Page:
QueryTracker Blog

Helping Authors Find Literary Agents

Tuesday, February 24, 2009

Your Medical Fiction Questions Answered

Got a burning medical question to give your novel authenticity? I asked our readers for questions to discuss here on the QueryTracker.net blog and, as promised, I'll be answering a couple of medical writing questions today.

Disclaimer: The information provided in this post is intended for writing purposes only and does not represent medical advice. (Sorry, my lawyer-boy husband made me say that.)

First, we have the following series of questions from Diana (some details removed):

I'm working on a narrative non-fiction piece about a real murder that happened in Burlington, Kansas in 1925. The husband allegedly comes home to find his wife, a 31-year-old farm woman, dead on the floor. Pretty gruesome.

Because of some rumors that surfaced, the woman's body was exhumed three days after she was buried (and five days after she died, which was on May 30). They were verifying whether or not she had been sexually assaulted, and whether or not she had ever had an abortion.

Here are my questions, from the perspective of 1925 medicine:

1. What would the doctor doing an autopsy on an exhumed body look for to determine if a woman had been raped?

2. What condition would the body be in at this point?

3. What signs would a doctor doing an autopsy look for to determine if an abortion was performed?

I'm afraid I can't tell you too much about the 1925 perspective, as my grandparents were all less than 6 years old in 1925. And of course, forensics is not my area of expertise, but I will do my best to answer.

I'm not sure how the fact you're writing narrative non-fiction plays into things, as I would assume that the evidence you describe would have to be accurate to what was actually found during the investigation. But taking these questions as for a fictional scenario:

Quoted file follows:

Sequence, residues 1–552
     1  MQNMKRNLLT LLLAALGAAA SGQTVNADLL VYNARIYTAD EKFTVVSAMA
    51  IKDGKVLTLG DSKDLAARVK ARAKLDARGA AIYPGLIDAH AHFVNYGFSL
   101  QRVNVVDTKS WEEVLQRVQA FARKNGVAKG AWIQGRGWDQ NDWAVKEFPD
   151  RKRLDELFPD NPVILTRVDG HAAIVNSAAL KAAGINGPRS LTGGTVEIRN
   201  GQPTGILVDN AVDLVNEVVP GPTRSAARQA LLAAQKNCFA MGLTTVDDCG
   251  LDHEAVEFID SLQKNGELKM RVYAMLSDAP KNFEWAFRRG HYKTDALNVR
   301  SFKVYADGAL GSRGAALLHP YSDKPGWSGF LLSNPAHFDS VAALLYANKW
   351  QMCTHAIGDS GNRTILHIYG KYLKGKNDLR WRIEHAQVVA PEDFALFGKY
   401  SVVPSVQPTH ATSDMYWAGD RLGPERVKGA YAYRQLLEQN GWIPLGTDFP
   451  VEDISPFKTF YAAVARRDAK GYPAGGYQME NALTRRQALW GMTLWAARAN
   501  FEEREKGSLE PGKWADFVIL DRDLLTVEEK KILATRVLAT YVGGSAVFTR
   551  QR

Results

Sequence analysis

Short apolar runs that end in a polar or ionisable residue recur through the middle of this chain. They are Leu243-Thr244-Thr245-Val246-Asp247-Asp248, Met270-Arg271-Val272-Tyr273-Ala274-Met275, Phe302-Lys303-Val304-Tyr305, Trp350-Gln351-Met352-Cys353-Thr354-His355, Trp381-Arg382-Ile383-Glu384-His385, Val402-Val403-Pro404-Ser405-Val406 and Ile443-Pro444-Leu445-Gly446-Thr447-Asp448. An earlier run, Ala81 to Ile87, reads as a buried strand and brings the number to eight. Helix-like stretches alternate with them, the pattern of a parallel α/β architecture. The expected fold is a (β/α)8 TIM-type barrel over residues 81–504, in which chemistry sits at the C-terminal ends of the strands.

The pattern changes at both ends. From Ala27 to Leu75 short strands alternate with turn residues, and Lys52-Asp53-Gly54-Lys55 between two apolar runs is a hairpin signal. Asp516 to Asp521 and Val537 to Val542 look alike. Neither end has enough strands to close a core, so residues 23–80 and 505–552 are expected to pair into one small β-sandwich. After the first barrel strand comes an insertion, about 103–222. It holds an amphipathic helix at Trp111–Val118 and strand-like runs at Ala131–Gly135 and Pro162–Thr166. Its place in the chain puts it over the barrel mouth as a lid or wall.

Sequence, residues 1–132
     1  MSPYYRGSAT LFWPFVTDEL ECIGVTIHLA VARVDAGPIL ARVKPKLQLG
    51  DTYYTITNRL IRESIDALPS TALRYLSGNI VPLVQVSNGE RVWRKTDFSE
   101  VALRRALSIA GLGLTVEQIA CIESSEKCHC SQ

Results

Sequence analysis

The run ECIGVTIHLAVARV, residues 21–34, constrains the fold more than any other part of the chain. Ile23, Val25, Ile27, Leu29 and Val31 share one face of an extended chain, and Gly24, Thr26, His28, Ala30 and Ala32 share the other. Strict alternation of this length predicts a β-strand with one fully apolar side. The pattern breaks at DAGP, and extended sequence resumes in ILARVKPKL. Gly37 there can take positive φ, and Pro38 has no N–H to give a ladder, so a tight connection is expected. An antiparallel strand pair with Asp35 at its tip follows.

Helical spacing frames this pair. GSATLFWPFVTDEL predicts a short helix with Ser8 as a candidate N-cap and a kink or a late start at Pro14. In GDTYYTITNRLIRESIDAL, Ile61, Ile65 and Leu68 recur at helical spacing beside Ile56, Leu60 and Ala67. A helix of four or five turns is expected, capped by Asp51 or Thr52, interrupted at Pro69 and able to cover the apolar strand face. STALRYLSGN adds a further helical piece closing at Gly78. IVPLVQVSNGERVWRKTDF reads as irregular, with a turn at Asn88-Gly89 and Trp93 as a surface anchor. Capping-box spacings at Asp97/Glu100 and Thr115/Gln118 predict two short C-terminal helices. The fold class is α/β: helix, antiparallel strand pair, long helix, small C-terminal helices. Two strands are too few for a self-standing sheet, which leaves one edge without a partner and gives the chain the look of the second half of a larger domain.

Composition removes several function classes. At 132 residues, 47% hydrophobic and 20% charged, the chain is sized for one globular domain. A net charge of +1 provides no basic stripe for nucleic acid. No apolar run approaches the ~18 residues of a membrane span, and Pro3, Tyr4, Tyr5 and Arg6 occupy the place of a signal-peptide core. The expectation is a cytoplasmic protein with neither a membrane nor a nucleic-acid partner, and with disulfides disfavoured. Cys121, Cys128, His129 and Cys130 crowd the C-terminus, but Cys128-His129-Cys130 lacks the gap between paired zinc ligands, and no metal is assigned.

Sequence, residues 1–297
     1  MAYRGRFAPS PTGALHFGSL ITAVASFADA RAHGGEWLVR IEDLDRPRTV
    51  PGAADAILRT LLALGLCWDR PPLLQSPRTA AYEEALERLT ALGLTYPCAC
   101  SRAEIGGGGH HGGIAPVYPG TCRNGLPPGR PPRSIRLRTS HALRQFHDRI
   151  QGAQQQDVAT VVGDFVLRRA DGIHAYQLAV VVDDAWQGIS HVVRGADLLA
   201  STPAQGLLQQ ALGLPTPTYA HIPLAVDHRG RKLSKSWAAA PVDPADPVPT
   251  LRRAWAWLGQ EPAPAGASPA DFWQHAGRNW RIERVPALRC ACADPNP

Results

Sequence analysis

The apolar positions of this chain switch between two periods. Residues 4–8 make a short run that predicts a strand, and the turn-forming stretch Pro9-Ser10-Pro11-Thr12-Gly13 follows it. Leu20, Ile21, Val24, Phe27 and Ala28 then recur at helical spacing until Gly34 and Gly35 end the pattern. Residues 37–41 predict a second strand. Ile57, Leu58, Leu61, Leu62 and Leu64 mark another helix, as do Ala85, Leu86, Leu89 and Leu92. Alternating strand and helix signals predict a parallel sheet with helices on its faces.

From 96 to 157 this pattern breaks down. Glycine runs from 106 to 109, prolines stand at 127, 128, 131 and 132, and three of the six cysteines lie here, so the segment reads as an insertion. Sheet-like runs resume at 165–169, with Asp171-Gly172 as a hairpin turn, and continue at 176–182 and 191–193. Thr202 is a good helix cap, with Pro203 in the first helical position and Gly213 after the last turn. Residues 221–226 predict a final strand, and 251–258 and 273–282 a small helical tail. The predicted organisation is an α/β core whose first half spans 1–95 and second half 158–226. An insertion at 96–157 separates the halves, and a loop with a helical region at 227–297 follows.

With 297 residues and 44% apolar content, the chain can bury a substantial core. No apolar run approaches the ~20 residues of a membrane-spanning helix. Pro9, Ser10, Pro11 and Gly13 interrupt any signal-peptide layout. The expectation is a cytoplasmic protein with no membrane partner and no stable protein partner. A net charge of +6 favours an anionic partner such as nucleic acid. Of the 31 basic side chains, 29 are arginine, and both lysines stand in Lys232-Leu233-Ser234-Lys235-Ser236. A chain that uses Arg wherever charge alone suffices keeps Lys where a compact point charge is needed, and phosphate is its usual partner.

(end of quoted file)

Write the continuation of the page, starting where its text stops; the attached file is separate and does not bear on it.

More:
1. The evidence they'd be looking for would be evidence of sexual activity, which would include checking for pubic hairs not belonging to the victim, and at 5 days, given the fact the woman had died (and therefore was not upright, moving, bathing etc.) they might still find living sperm (although 5 days is pushing that limit). They might also test for acid phosphatase, which can be used as a screening test for semen. As far as evidence of rape, specifically, they'd be looking for evidence of trauma, bruising, tears, etc. Often times, it can be hard to tell the difference between rape and consensual sex on the basis of forensic evidence alone. Aside from the fact they'd have no DNA analysis available, I'm not sure how much the 1925 angle would affect the available investigations.

2. The condition of the body would be somewhat dependent on the weather conditions to which it was exposed. Typically, over the first 2 - 3 days, the body appears grossly intact, but by the time in question decomposing would have reached the putrification stage. The body's bacteria starts breaking it down, causing green discolorations and bloating of the tissue. The green color comes from partially digested hemoglobin (blood protein). The bloating is caused by gases released by the bacteria.